Guest musician
Nikos Magnisalis – Kavali solo on “Digital Eyes”

Album Review – Ritual of Odds / Ritual of IX (2017)

Join the wrathful and mordant ritual spearheaded by the Melodic Death Metal masters of underground Greek music.

Formed in the year of 2003 in Patras, Greece’s third-largest city and the regional capital of Western Greece, Melodic Death Metal quartet Ritual of Odds (known as Existence Edge until 2005) is unleashing upon us their third full-length installment, peculiarly titled Ritual of IX, taking influences from renowned bands such as At The Gates, In Flames and Carcass. Forging a unique sound by infusing elements of Thrash, Horror and Epic Metal into their own musicality, Ritual of Odds will show you with Ritual of IX why they’ve been called the “Melodic Death Metal Masters of Greece”, blasting a high-quality fusion of harmony and havoc throughout the album’s ten unrelenting compositions.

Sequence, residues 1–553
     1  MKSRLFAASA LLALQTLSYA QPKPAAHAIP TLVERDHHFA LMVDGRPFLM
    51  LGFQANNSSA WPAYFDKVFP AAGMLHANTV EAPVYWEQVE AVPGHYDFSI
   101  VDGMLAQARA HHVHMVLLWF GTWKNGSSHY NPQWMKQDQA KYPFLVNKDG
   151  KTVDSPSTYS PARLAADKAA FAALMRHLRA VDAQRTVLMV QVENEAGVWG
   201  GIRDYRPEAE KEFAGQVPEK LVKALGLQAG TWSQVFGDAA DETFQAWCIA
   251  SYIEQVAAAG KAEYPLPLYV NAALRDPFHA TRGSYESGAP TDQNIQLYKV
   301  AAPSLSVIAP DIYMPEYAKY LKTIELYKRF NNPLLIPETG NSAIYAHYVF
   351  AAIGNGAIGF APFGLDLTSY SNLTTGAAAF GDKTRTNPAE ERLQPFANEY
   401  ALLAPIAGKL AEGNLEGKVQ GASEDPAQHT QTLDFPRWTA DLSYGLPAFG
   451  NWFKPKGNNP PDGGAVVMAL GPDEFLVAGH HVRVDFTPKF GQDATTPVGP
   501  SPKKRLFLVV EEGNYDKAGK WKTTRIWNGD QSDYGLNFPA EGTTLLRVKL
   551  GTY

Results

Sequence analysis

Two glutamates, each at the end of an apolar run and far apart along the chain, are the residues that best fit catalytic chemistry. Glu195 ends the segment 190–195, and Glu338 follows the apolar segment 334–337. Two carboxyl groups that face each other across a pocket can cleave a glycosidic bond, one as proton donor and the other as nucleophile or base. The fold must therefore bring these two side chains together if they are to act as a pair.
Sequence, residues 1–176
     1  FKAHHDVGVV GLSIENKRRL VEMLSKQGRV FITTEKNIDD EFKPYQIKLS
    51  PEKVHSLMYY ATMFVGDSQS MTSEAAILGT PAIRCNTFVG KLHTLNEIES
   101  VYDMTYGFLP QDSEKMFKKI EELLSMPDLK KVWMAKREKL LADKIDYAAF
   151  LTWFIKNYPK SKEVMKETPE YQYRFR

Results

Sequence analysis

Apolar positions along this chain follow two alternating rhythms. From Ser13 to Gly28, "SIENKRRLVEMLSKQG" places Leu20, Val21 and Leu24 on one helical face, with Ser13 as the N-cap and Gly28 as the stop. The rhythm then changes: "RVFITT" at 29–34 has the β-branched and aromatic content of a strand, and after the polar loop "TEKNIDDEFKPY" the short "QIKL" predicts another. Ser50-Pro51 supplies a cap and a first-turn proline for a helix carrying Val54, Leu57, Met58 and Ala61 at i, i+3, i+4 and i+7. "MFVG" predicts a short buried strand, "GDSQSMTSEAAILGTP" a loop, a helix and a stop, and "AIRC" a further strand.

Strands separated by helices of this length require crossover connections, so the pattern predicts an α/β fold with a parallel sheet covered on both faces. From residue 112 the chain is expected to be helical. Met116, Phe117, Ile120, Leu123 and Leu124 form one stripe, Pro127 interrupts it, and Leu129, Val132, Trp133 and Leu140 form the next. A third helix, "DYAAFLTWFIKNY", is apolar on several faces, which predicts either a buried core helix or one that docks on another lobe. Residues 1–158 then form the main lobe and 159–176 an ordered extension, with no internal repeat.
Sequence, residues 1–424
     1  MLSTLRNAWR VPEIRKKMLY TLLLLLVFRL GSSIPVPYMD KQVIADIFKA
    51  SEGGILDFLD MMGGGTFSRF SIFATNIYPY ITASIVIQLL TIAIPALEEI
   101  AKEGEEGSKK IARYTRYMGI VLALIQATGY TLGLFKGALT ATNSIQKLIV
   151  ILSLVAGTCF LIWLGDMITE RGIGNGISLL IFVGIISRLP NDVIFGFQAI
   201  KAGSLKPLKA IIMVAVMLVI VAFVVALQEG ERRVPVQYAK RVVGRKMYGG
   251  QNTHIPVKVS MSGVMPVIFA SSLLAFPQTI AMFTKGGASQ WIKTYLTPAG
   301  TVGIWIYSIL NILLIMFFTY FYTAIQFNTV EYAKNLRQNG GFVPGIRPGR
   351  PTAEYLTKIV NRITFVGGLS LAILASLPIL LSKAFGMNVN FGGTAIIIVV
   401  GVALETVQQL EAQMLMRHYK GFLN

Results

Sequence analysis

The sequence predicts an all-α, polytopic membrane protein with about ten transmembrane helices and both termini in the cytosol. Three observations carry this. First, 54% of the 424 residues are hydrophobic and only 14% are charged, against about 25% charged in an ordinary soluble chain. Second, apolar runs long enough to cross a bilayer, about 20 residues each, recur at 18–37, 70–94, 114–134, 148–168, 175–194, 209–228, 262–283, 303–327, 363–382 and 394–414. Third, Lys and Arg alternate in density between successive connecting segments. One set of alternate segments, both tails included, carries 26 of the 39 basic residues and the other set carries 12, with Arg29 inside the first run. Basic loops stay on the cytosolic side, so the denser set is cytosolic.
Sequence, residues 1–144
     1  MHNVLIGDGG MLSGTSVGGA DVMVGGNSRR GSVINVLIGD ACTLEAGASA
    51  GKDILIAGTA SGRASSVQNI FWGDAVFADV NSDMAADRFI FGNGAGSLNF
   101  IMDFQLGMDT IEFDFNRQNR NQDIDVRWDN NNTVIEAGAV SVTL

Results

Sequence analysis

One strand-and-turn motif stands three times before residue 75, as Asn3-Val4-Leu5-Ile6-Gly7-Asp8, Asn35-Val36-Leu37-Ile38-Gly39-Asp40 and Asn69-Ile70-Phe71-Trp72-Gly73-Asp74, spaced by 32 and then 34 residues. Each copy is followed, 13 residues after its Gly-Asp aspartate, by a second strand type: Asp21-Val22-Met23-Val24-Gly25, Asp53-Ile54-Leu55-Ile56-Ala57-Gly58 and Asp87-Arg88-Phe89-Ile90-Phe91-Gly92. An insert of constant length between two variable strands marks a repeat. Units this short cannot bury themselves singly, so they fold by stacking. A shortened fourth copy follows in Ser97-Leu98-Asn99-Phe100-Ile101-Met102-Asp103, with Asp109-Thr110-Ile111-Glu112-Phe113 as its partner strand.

One curious fact about the band is that, before Ritual of IX, their two previous full-length albums were released on the same year, in 2010, those being Underverse and God is an Atheist (not to mention their highly acclaimed demo entitled Building Up the Underverse, from 2008). In addition, the band has already toured Europe and the United States to support the release of their albums, sharing the stage with important names like Paul Di’Anno, Septicflesh and Nightrage. With such a strong background both inside the studio and on the road, it isn’t a surprise to anyone that the music found in Ritual of IX would sound so cohesive and energetic, reinforcing the band’s importance in contemporary Melodic Death Metal.